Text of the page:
Speaking to the Washington Post in late October 2001, Bearden and other Afghan experts argued that the Bush administration "never recognised the Taliban's need for a "face-saving formula" to ease the Afghan militants' "fear of embarrassment" if it handed over a fellow Muslim to an "infidel" Western power. "We never heard what they were trying to say," the CIA veteran said.
"I have no way to know if Bearden was correct in this assessment, but, if he was, the entire invasion could have been avoided," says the professor. "The US could have ended things there and begun a police action to hunt down bin Laden. That would have been justified after what happened on 9/11. But the US stayed in Afghanistan without ever adequately figuring out its mission."
© AFP 2021 / ROB ELLIOTT In this file photo a US Marine is given a hand using barbed wire to secure the walls the US embassy in Kabul on January 11, 2002. - The United States said on August 12, 2021 it was sending troops to the international airport in Afghanistan's capital Kabul to pull out US embassy staff as the Taliban makes rapid gains."We are further reducing our civilian footprint in Kabul in light of the evolving security situation," State Department spokesman Ned Price told reporters."This president prioritizes above all else the safety and security of Americans who are serving overseas," he said of Joe Biden, who has ordered a withdrawal of US troops from Afghanistan after nearly 20 years.
In this file photo a US Marine is given a hand using barbed wire to secure the walls the US embassy in Kabul on January 11, 2002. - The United States said on August 12, 2021 it was sending troops to the international airport in Afghanistan's capital Kabul to pull out US embassy staff as the Taliban makes rapid gains."We are further reducing our civilian footprint in Kabul in light of the evolving security situation," State Department spokesman Ned Price told reporters."This president prioritizes above all else the safety and security of Americans who are serving overseas," he said of Joe Biden, who has ordered a withdrawal of US troops from Afghanistan after nearly 20 years.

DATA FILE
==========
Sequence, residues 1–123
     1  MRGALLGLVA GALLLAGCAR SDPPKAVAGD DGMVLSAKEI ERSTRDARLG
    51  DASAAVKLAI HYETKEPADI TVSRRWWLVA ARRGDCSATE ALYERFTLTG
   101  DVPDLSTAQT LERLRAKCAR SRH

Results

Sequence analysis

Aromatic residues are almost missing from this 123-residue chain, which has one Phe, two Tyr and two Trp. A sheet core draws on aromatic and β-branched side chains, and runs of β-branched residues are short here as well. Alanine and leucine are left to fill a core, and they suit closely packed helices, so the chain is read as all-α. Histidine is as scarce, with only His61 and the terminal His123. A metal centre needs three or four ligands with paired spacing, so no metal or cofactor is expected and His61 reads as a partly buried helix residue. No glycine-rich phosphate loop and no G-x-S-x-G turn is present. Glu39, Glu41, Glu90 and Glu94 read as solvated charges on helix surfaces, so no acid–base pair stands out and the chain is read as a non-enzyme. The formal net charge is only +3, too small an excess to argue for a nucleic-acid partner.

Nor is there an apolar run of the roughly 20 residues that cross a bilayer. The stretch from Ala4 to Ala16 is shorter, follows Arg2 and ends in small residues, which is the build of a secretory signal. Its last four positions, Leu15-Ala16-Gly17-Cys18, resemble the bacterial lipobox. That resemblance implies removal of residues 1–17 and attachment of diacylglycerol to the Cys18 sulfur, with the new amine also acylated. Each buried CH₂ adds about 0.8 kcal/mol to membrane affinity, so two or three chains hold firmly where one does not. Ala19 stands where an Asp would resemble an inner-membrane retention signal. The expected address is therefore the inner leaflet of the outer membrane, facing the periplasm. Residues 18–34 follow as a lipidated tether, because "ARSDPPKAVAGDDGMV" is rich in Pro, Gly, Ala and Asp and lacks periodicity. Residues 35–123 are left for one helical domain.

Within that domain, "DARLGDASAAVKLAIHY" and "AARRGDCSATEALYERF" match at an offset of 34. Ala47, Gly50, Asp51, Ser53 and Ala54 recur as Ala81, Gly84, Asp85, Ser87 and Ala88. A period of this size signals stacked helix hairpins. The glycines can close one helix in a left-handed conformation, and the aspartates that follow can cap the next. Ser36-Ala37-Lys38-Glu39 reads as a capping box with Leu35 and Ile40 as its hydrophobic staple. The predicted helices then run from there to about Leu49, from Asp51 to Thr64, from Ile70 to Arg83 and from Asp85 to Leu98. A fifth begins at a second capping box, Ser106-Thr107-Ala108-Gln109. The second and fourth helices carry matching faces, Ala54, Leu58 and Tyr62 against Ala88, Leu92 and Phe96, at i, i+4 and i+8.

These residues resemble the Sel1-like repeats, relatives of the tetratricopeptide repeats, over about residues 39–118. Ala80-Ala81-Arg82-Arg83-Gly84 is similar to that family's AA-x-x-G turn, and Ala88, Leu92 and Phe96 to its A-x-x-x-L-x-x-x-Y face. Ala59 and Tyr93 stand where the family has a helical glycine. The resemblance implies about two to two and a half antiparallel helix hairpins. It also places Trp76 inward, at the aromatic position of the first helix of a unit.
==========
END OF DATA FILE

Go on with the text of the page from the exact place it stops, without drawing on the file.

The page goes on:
Washington's Failed Nation-Building Project
After the bombing campaign, Washington policy-makers shifted to a "nation-building" mission, which in reality enriched US arms dealers and defense contractors in the first place, Kuznick points out. All in all, the US spent over $2 trillion on the war in Afghanistan, which, according to the academic, was a huge waste of money.
"Some of that money went to building schools and educating women, which was great. Some progress was made in improving people's lives," he says. "But the overall impact of U.S. spending was incommensurate with the vast sums that were poured in due to the incompetence, cultural ignorance and the deep and pervasive corruption."
To complicate matters further, Barack Obama stepped up the US military presence in the region, while "US drone attacks that butchered civilians and night raids only turned the rural population against the American occupiers," Kuznick notes. Given this, it is hardly surprising that many welcomed the Taliban back "as the lesser of two evils," the professor remarks.
Meanwhile, any attempts to turn Afghanistan into some sort of a Western-style democracy were doomed from the start, according to Zafar Iqbal Yousafzai, Islamabad-based political analyst and author of the forthcoming "The Troubled Triangle: US-Pakistan Relations under the Taliban's Shadow."
"Planting western democracy everywhere in the world is not a wise approach," Yousafzai underscores. "Culture, history and tradition play an important role in making any society and thus stability. When the US was there and they had charge of the country, no one believed there could be free and fair elections. Whoever becomes president was with the approval of Washington."
© REUTERS / US MARINESEvacuee children wait for the next flight after being manifested at Hamid Karzai International Airport, in Kabul, Afghanistan, August 19, 2021
Evacuee children wait for the next flight after being manifested at Hamid Karzai International Airport, in Kabul, Afghanistan, August 19, 2021
© REUTERS / US MARINES
It's unlikely that any lesson from the humiliating Afghanistan withdrawal will be learned by the US, Kuznick believes. Although the nation has grown weary of endless overseas wars, "the same people who got us into these wars have not been silenced," the academic notes.
"They still populate the think tanks and dominate the foreign policy establishment," the professor says. "They and many others advocate for a new cold war against Russia and China. Such an approach is absolutely foolhardy… The era of military interventions and democratic nation-building may be over for a while, but that doesn't mean that the US is ready to entrench or withdraw from the world."
The only way out to solve this dilemma and keep the world away from new dangerous wars is to embrace a multipolar world and start working together, according to Kuznick.
"The fate of Afghanistan, like so much else, depends in large part on the US, Russia, and China working together," he concludes.
*The Taliban and al-Qaeda are terrorist organisations banned in Russia and many other states.